Building an IP Network Camera

Frank Hunleth
Embedded Software Developer

This talk has two parts. The first gives an overview and demo of a simple IP camera that was built with the goal of using as much Erlang as possible to implement a self-contained and realistic embedded device. The project also shows separation of the hard real-time components of servicing the raw imager from the majority of the soft real-time code that provides network streaming, web management, and system infrastructure. The second part talks about issues that were encountered along the way and how they were (or were not) addressed.

Talk objectives:

The goal of the talk is to provide attendees with an 'in the trenches' view of building an embedded device from the perspective of a long time embedded C/C++ programmer. Additionally, since all code used in the project is open source, the talk will provide pointers to the code and projects used in the camera in the hope that they will also be useful in the attendee's embedded projects.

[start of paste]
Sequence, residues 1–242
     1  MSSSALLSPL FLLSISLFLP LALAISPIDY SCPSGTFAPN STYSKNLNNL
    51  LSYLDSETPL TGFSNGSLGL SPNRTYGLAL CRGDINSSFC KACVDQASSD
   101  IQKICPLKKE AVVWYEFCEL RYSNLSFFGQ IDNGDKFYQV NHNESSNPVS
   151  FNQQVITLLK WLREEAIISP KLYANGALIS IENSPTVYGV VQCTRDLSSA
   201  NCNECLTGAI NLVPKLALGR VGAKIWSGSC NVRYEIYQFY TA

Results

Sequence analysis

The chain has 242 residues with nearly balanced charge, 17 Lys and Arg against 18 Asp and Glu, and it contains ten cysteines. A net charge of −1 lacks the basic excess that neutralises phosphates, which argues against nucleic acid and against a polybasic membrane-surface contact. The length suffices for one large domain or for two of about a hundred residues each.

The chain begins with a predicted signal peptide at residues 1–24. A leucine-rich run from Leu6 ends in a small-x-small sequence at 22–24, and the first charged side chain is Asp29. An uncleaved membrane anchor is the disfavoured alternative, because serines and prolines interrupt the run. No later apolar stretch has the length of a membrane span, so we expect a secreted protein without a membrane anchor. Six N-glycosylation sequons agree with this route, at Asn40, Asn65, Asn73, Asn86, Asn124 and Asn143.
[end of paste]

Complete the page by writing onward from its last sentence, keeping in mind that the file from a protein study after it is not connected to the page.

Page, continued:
Target audience:

This talk will appeal to embedded software developers, hardware hackers, Raspberry Pi and BeagleBone enthusiasts and others interested in using Erlang in their devices.


Frank Hunleth designs embedded Linux-based software that can be found in products spanning the medical, consumer, telecommunications and defense industries. His work on high density VOIP switches in the 1990s eventually led him to discover Erlang. Since then, he has re-implemented Erlang design elements in everything from a cutting edge diabetic screening device at LKC Technologies to motion controlled UI frameworks at Hillcrest Labs. He started the open-source Nerves project to make it easier to use Erlang in a cross-compiled environment.

Twitter: @fhunleth

Github: fhunleth

Back to conference page